Working on the corner of Main and College, I feel I have a unique perspective on downtown Durango, sort of like a peep hole into the pulse of the local people. Over the years, I have seen all manner of happenings out my desk window, from traffic jams and pedestrian near brushes with death to police busts and one-man breakdancing concerts. So when Monday afternoon rush hour approached, I didn't even notice the unusually high occurrence of horn blaring. However, a pattern soon developed, and I looked out my window to see a couple of guys standing on the corner holding signs, which I could not quite make out from my vantage point. One of the guys was in the process of displaying his political disagreement with a passing motorist via his high-flying middle finger and accompanying curse word (which I could make out). In a further show of defiance, the young man then turned and boldly walked in front of oncoming traffic. While steadfastly looking dead ahead, he irreverently held his sign for waiting motorists to see. He then disappeared down the street, possibly in search of more lucrative street corner.
With only one day to go before the election, it was obvious that things were starting to get ugly. Candidate signs were getting vandalized, political differences were escalating to kicking matches and assault charges, and nasty letters were filling the Telegraph's in-box. Earlier that morning, I had removed a piece of pro-life propaganda from under my windshield wiper and had returned home that evening to several pre-recorded political messages on my answering machine. In fact, General Wesley Clark had called me so many times, I was beginning to think we were going steady.
Of course, such reactions to intense pressure are only natural, sort of the fight or flight mechanism. My response was slightly less exaggerated. I opted for an early morning walk to the voting booth. But the intense pressure of the process was not entirely lost on me. In fact, I hadn't been that gripped coloring in little dots since my SATs. I anxiously filled in the appropriate ovals and then went back to double-check that I hadn't made any erroneous miscalculations in lining the bubble up with the corresponding name. As I stood in line to submit my ballot, I again took a peak, just to triple and quadruple check. But soon the time had arrived to relinquish my work. And with a slight of hand, and the wonders of modern mechanization, my ballot was sucked into the great abyss, and Missy Votel had voted.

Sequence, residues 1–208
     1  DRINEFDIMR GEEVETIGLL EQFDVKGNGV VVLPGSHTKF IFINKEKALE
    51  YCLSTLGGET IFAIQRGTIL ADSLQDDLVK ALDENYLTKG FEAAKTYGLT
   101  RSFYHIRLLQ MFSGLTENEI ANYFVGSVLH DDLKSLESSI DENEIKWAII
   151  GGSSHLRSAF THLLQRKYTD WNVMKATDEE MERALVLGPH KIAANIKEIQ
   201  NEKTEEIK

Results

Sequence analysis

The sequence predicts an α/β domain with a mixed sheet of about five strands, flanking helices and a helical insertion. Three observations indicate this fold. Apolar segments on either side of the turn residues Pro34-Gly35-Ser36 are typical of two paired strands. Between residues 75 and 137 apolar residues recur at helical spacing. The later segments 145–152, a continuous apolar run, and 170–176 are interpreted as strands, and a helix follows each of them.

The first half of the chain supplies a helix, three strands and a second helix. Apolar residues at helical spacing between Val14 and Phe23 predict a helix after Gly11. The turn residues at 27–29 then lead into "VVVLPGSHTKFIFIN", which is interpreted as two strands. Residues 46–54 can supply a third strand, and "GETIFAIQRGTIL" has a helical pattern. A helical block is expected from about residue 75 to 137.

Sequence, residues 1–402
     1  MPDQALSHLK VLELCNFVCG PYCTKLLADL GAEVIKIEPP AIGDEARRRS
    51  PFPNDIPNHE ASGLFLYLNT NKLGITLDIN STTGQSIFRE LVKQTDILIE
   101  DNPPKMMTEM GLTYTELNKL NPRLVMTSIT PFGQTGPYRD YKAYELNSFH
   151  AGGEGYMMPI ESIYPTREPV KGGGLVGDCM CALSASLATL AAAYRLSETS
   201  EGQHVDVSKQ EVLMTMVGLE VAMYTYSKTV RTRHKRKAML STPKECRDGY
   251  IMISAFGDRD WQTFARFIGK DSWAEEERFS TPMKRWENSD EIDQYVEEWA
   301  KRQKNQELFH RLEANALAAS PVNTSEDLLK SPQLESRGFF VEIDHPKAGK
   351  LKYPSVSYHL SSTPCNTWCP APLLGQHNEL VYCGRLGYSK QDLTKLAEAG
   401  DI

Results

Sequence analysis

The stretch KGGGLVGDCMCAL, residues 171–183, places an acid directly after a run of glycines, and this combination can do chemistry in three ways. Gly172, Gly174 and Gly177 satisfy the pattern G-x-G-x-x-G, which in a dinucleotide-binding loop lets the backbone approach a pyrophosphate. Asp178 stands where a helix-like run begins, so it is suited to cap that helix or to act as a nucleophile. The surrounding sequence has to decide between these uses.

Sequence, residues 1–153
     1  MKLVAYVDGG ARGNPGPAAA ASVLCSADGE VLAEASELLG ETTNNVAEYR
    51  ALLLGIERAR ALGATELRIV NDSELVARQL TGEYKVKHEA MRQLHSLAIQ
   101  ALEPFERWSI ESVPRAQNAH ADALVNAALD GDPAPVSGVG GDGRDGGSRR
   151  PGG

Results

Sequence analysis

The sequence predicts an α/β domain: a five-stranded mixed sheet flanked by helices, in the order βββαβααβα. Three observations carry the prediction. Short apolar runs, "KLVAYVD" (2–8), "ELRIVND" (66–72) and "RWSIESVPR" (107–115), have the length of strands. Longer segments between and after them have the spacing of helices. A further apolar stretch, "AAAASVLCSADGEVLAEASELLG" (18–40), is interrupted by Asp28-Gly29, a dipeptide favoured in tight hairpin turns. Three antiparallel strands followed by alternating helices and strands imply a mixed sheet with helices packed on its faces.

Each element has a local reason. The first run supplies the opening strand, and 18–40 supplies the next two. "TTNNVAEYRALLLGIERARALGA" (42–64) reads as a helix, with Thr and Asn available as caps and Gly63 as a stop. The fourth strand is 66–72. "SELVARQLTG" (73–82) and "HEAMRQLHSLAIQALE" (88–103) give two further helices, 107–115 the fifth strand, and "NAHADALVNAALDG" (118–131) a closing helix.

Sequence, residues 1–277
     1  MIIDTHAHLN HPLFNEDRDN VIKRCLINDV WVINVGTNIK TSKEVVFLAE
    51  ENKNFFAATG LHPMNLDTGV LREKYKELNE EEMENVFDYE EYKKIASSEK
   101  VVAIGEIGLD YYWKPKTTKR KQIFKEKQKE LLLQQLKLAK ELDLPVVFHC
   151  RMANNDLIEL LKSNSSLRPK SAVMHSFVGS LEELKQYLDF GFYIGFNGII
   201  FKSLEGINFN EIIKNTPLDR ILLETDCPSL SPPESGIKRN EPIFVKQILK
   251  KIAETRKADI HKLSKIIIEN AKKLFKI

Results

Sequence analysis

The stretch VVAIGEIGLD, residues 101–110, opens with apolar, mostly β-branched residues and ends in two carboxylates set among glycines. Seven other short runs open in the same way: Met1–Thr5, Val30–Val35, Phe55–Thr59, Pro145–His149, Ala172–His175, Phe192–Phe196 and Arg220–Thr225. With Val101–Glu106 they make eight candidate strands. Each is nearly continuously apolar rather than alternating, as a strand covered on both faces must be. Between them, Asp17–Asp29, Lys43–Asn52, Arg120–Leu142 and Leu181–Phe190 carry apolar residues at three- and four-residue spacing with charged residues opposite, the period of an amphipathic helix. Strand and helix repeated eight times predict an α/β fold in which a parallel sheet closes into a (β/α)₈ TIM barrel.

I walked out into the morning sunshine with that indescribable feeling of liberation that only comes with taking such a test - albeit one I probably wouldn't see the results of for several days, if not weeks. Adorned with my shiny new "I Voted" sticker and the promise of free beer and an end to the madness, I returned to work, keeping a watchful eye on the clock and the trickling in of election results.
Twice that day, ralliers returned to their post on the corner outside my window, at the crossroads of downtown Durango, once around noon and then again toward evening. But in contrast to the previous days' showing, these were decidedly more happy, peaceful affairs. Like me, these people had likely relieved themselves of the pressure of the ballot box and realized it was out of their hands. The only thing left to do now was wait. As the evening hours wore on and cold and darkness set in, the gathering outside my window grew larger. By around 6:30, it had grown to full-blown Mardi Gras status, with people cheering, waving and clapping. There were no angry horns blaring, just the occasional happy bleep in show of support.
I though it strange that, as 7 o'clock and the closing of the polls neared, they were still at it, trying to lure that last voter to the polls. But when poll closing time came and went, and the party continued, I realized that the gathering wasn't so much about politics as it was about people - in this case celebrating an end to the nastiness and a return to civil behavior. It was as if a giant pressure valve had been released. All the hard work had been done, votes had been cast, and all there was left to do was listen to the voice of the people.
- Missy Votel